Tighter rules on basement excavations introduced by the planning authority are clamping down on the "digdown" trend.

Developers at 44 Kenilworth Avenue, Wimbledon Park, are among the first to be hit by new rules, which only approve significant excavations if a drainage strategy is produced.

The controversial extension, which will make space for an ensuite bedroom, hall, storage and lightwells, was approved, subject to conditions, at a planning meeting on Thursday, March 27.

A petition against the development, which includes a basement excavation and rear dormer roof extension, was signed by 27 residents.

Neighbours raised concerns about the basement's impact on watercourses, causing an increased flood risk and negative impact on the stability of adjoining houses.

Concerns expressed in 18 objection letters to the committee also included noise and disruption caused by building works, impact on a tree outside the house, loss of privacy and light pollution.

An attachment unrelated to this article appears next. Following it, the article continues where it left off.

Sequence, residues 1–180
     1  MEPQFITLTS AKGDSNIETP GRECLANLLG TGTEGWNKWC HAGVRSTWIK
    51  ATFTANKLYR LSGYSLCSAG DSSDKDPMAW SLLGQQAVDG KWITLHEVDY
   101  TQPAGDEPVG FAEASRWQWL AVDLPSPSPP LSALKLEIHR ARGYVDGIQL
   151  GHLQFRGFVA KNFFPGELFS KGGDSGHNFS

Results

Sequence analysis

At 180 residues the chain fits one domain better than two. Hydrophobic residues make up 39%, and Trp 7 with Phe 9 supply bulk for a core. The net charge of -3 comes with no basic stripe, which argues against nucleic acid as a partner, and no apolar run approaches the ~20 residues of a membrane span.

However, the development is one of the first to be subject to Merton's first basement policy, set to be formally introduced at the next full Council meeting on June 4.

Applicants for significant basement extensions now have to pay experts to assess impacts on drainage, flooding, ground water conditions and structural stability before excavating.

The proposed basement in Kenilworth Avenue has been significantly reduced in size from the original application, now located under the front part of the house, instead of the whole house, with no games room.

Homeowners now also have to produce a working method statement detailing the management of loading and unloading materials, control of dust and protection of the street tree.

The move comes after Kensington & Chelsea council announced similar restrictions on basement extensions, following concerns about noise disruption and structural damage to homes as underground extensions rise in popularity.